Getting Real with David T. Bruce
My son is on the autism spectrum, diagnosed with Asperger’s syndrome. Academically, he excels; socially, he struggles. At school, he struggles, not with math, languages or the sciences, but with understanding sarcasm, reading body language and picking up on social cues. His tendency is to dominate a conversation, and because he is often preoccupied with music, he talks of little else. Consequently, he finds it difficult to make friends and maintain friendships.
In contrast (and ironically), my son has a wealth of compassion. He is easily moved emotionally when someone is physically hurt or wronged. Even when such behavior is dramatized – in a movie, for instance – he feels sad. He spends a great deal of time trying to understand the human condition in the books, poems and song lyrics that he reads. When he reads aloud, his reading comprehension is exceptional. What he cannot express verbally, he can do so through the written word.
The realm of social media is a world that many of us do not understand and, in a sense, fear. Subsequently, the Internet functions somewhat as a rift, separating a generation that vividly remembers manual typewriters, carbon paper and rotary dial telephones from a generation born with split-second access to friends and information around the globe. Within this realm, my son has discovered the means to express himself.
Granted, the Internet is largely unregulated, and as such, parents are concerned that their children will introduce viruses or malware to their computer systems, will become prematurely sex educated, or will become the target of online predators. These are certainly valid concerns; however, with carefully-tuned firewalls and regular parental guidance, children can discover the benefits of connecting to others that share the Internet. The concept of “stranger danger” no longer applies to just walking home from school.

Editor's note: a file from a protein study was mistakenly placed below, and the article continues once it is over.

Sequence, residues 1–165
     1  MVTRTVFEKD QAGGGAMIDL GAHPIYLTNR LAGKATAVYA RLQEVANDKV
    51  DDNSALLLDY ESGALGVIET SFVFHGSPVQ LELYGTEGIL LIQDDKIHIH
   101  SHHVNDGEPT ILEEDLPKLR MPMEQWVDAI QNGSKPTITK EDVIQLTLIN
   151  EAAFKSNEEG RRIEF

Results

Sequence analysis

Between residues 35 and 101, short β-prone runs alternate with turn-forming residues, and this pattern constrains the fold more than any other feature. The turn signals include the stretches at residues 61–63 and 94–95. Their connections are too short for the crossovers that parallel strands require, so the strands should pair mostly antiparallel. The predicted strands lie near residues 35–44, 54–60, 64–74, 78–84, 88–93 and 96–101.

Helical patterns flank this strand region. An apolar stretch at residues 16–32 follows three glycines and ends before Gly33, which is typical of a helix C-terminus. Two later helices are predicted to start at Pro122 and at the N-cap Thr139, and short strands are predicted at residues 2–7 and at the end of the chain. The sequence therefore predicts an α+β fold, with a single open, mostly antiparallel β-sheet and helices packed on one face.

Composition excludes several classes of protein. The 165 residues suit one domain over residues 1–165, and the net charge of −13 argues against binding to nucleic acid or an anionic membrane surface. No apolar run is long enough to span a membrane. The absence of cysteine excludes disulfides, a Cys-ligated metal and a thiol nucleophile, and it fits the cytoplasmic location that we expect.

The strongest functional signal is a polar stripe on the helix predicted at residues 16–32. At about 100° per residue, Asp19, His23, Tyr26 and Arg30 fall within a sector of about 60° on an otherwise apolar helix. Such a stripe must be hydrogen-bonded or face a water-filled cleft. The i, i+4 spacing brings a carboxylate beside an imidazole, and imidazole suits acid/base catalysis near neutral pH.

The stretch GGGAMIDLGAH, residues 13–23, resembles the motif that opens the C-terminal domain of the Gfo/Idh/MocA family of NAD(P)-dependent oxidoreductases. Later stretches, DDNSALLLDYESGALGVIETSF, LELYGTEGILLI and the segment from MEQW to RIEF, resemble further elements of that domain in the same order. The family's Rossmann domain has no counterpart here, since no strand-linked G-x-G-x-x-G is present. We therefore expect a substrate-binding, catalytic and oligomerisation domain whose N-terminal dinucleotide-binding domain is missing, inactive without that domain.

With regular monitoring of his computer use by me and my wife, our son engages with his friends and other peers on Facebook, sharing his ideas and his passions. And what we are discovering (as are his friends) is that his passions do not revolve exclusively around music. He is politically engaged, he loves puppies and he has a subtle, rapier wit. In general, and especially when he is frustrated, he finds it very difficult to verbally communicate how he feels; when he writes social media posts, he eloquently communicates his thoughts and emotions.
Our son is using the Internet and social media to bridge the communication gap that exists for him as a result of Asperger’s syndrome. And while there are many risks connected with being connected, our efforts to mitigate those risks help our son realize the benefits and share not only the latest news about or image of his favorite band, he shares a piece of him that his friends might be missing when they are truly face to face.